When it comes to leadership, those who do well are in some ways obligated to do good. That’s never going to change—nor should it.
As Ingram’s celebrates its 20th year of recognizing 40 Under Forty honorees, I too want to congratulate this year’s class, including the much-deserved recognition for Brian Baggott from Dentons. I was fortunate to be the recipient of this recognition back in 2005, which is starting to seem like a long time ago…
This edition of Ingram’s has a focus on leadership, which clearly all of this year’s recipients embody. In a world where there is a discussion on driverless vehicles, artificial intelligence and the Internet-of-things, when it comes to leadership, there is still much to the old adage that “the more things change, the more things stay the same.” This rings true not only in the law practice, but in the business world generally. There are basic tenets to leadership that evolve over time, but the underpinnings are consistent.
First and foremost is respect and trust. To be a leader, a culture of mutual respect must be created and followed. It is easy to say that, but is a challenge faced every day in the workplace.
A couple of weeks ago, I attended a training session on unconscious bias. The approach to the seminar was very interesting because it discussed the way the brain works unconsciously, and the presenter gave a few examples. Once the attendees recognized how we “unconsciously” take actions and make decisions every day, it became much easier to recognize how that could translate into an unconscious bias in how we might treat people in the workplace or society at large. We must take into account our unconscious bias and endeavor to overcome it to truly show the respect and trust necessary to be a leader.
Another leadership tenet is empowerment. It is critical that companies empower their business leaders and that management empower its people. Only through this will businesses thrive and employees feel like valued contributors. I recently attended a breakfast which featured a panel of manufacturing companies. One of the panelists discussed a culture at their company of “kaizen” which means change for better or continuous improvement.
They essentially have a suggestion box and reward employees for coming up with ideas to better the business. It is through incremental and continuous improvement that the company becomes more efficient and the workers feel enabled and become difference-makers. Without such empowerment, people become disenfranchised and look for other opportunities. Although the notion of kaizen seems to have traction in the manufacturing world, it can and should apply to the professional-services industry.
There are basic tenets to leadership that evolve over time, but the underpinnings are consistent. And at their core is continuous improvement in all things.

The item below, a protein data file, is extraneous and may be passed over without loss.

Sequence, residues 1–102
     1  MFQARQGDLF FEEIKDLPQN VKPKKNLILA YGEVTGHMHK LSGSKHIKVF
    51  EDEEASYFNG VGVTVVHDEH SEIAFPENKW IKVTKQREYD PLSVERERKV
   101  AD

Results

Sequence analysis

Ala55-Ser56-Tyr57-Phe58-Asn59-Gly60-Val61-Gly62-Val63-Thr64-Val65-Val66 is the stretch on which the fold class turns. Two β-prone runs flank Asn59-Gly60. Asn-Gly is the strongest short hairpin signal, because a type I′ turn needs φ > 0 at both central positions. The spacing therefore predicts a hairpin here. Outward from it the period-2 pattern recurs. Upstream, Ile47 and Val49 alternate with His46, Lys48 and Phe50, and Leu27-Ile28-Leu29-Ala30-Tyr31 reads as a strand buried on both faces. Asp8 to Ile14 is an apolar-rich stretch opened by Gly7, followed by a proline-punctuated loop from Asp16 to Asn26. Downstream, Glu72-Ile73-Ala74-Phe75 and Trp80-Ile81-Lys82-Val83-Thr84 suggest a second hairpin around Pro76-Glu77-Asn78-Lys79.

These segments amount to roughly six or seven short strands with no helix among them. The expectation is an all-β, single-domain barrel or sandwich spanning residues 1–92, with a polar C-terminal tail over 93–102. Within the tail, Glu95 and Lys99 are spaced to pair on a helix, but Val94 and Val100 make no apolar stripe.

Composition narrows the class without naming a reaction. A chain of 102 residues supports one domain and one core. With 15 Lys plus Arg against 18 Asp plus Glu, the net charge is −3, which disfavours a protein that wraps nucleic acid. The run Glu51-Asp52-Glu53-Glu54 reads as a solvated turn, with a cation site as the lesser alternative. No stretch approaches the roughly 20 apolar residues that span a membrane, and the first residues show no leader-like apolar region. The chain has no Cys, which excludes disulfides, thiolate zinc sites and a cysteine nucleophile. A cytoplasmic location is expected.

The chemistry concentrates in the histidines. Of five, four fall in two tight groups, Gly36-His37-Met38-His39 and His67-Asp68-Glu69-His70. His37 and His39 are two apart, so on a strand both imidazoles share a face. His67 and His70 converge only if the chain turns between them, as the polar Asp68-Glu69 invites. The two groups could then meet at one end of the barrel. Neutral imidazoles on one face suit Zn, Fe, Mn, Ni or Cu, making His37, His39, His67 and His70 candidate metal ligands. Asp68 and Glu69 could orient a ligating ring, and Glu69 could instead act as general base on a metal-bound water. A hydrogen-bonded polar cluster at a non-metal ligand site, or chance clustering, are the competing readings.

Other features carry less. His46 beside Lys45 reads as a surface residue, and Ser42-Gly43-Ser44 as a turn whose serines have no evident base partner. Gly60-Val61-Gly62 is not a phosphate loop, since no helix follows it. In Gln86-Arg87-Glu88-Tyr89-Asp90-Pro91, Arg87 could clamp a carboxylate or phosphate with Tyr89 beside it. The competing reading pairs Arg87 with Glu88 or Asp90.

Another leadership tenet is community and civic engagement. I am reminded by a quote by my prior university president from my alma mater (Illinois Wesleyan) who said: “Go out into the world and do well. But more importantly, go out into the world and do good.” I think about that quote in how I approach my practice and we have developed a work culture which strongly supports and promotes such involvement.
Clearly, the 40 Under Forty recipients are very active in the community and take this to heart. But I always caution our folks to not join a non-profit board as a way to generate business; instead, do it because it is the right thing to do and to find something you are passionate about. I think Kansas City is somewhat unique in its promotion by the business community of civic and community engagement.
Diversity and inclusion are critical to a strong company culture and client service. Diverse backgrounds and opinions make a workplace thrive. Inclusion comes at every level—from assignments to client opportunities. The term “tribalism” is being used a lot in society now and it is critical to solid leadership to not surround yourself with only other people like you.
As we discuss leadership, I think about the impact that social media has in the business and legal world. Although in a different context, the ABA was once asked, “When is a lawyer not a lawyer?” The answer is that a lawyer must comply at all times with all applicable disciplinary rules of the Code of Professional Responsibility whether or not he or she is acting in his or her professional capacity. A lawyer (and all business professionals) must keep this in mind on Twitter, Facebook and other social-media outlets.
Although I started the article with the quote “the more things change, the more things stay the same,” it is clear that we continue to learn and improve every day—which is the basis of kaizen—as we incorporate these leadership tenets in today’s business climate.